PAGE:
"Say what you will, Thea Kronborg, you are not that sort of person. You will never sit alone with a pacifier and a novel. You won't subsist on what the old ladies have put into the bottle for you. You will always break through into the realities. That was the first thing Harsanyi found out about you; that you could n't be kept on the outside. If you 'd lived in Moonstone all your life and got on with the discreet brakeman, you 'd have had just the same nature. Your children would have been the realities then, probably. If they 'd been commonplace, you 'd have killed them with driving. You 'd have managed some way to live twenty times as much as the people around you."
Fred paused. He sought along the shadowy ceiling and heavy mouldings for words. When he began again, his voice was lower, and at first he spoke with less conviction, though again it grew on him. "Now I knew all this—oh, knew it better than I can ever make you understand! You 've been running a handicap. You had no time to lose. I wanted you to have what you need and to get on fast—get through with me, if need be; I counted on that. You 've no time to sit round and analyze your conduct or your feelings. Other women give their whole lives to it. They 've nothing else to do. Helping a man to get his divorce is a career for them; just the sort of intellectual exercise they like."
Fred dived fiercely into his pockets as if he would rip them out and scatter their contents to the winds. Stopping before her, he took a deep breath and went on again, this time slowly. "All that sort of thing is foreign to you. You 'd be nowhere at it. You have n't that kind of mind. The grammatical niceties of conduct are dark to you. You re simple—and poetic." Fred's voice seemed to be wandering about in the thickening dusk. You won't play much. You won't, perhaps, love many times." He paused. "And you did love me, you know. Your railroad friend would have understood me. I could have thrown you back. The reverse was there,—it stared me in the face,—but I could n't pull it. I let you drive ahead." He threw out his hands. What Thea noticed, oddly enough, was the flash of the firelight on his cuff link. He turned again. "And you 'll always drive ahead," he muttered. "It 's your way."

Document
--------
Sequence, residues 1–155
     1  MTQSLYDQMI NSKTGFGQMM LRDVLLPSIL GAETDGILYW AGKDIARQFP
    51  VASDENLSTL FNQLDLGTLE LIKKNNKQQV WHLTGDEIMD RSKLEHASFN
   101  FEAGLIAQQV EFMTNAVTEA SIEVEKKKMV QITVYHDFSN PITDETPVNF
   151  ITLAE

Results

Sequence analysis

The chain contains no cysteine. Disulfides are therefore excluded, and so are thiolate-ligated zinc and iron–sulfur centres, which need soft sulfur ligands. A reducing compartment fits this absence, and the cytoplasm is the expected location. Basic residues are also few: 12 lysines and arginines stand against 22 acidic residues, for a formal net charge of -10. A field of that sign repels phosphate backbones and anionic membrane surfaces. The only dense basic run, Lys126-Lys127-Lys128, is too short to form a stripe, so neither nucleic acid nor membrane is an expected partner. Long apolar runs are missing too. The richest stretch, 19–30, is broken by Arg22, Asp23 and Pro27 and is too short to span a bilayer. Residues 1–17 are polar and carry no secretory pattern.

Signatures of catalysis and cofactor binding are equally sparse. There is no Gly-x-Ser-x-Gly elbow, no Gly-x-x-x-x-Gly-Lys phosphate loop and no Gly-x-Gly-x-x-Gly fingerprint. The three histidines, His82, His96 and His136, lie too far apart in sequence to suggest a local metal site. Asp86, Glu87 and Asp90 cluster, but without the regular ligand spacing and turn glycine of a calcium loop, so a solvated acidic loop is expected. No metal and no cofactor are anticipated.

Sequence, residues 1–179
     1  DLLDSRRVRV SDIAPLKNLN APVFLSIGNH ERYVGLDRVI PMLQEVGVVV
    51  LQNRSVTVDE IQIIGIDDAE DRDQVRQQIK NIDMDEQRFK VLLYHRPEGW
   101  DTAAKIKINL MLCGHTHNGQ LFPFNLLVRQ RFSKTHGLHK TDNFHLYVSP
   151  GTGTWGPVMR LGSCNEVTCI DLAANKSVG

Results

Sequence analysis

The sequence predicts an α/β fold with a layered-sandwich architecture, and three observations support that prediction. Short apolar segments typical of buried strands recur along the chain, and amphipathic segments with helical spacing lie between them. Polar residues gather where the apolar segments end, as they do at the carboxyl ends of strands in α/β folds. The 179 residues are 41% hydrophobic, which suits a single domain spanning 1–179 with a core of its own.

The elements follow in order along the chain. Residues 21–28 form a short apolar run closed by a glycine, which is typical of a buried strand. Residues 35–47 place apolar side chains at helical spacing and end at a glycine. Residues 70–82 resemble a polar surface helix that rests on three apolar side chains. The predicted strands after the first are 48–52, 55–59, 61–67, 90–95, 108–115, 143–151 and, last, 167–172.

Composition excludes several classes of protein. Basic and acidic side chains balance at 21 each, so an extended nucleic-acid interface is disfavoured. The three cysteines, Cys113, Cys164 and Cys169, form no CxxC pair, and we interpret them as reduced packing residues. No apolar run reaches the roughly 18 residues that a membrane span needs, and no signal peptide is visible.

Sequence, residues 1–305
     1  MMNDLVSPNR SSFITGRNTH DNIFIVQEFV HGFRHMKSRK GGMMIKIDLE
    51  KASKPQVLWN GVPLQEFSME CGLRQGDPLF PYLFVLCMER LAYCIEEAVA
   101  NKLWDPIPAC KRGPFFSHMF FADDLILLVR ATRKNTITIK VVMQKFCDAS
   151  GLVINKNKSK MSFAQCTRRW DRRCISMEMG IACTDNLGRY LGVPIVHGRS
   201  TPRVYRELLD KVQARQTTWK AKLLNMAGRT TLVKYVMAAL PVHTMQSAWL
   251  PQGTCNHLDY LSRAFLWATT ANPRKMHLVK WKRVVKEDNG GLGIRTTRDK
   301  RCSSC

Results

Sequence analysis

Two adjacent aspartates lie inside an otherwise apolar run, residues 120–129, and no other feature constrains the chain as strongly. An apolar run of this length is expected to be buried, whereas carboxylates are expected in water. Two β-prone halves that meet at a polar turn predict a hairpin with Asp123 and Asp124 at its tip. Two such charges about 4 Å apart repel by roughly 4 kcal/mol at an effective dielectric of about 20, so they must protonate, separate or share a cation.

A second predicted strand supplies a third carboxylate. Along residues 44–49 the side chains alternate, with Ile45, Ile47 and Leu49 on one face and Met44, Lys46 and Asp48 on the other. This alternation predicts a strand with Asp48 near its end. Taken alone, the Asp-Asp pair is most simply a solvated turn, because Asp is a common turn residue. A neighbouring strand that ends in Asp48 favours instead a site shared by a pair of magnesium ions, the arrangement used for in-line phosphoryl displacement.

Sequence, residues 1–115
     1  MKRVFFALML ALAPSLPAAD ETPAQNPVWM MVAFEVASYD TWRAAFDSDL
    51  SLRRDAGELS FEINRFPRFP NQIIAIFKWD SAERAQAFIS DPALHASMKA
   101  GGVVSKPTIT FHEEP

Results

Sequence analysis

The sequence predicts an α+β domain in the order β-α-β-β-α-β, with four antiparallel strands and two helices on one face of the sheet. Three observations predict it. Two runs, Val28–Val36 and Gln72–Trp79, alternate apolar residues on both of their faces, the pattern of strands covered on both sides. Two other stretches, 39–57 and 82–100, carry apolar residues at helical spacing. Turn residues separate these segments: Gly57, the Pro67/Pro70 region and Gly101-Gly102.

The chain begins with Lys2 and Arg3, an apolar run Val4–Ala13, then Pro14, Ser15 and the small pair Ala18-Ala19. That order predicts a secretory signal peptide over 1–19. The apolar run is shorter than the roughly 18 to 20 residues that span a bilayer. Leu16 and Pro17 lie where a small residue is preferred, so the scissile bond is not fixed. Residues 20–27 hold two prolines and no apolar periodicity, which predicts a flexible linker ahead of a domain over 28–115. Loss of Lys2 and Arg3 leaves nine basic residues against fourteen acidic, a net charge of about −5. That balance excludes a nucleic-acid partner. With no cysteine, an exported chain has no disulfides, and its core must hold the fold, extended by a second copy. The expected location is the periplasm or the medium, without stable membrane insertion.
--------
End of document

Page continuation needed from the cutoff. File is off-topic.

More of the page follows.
There was a long silence. Fred had dropped into a chair. He seemed, after such an explosion, not to have a word left in him. Thea put her hand to the back of her neck and pressed it, as if the muscles there were aching.
"Well," she said at last, "I at least overlook more in you than I do in myself. I am always excusing you to myself. I don't do much else."
"Then why, in Heaven's name, won't you let me be your friend? You make a scoundrel of me, borrowing money from another man to get out of my clutches."
"If I borrow from him, it 's to study. Anything I took from you would be different. As I said before, you 'd be keeping me."
"Keeping! I like your language. It 's pure Moonstone, Thea,—like your point of view. I wonder how long you 'll be a Methodist." He turned away bitterly.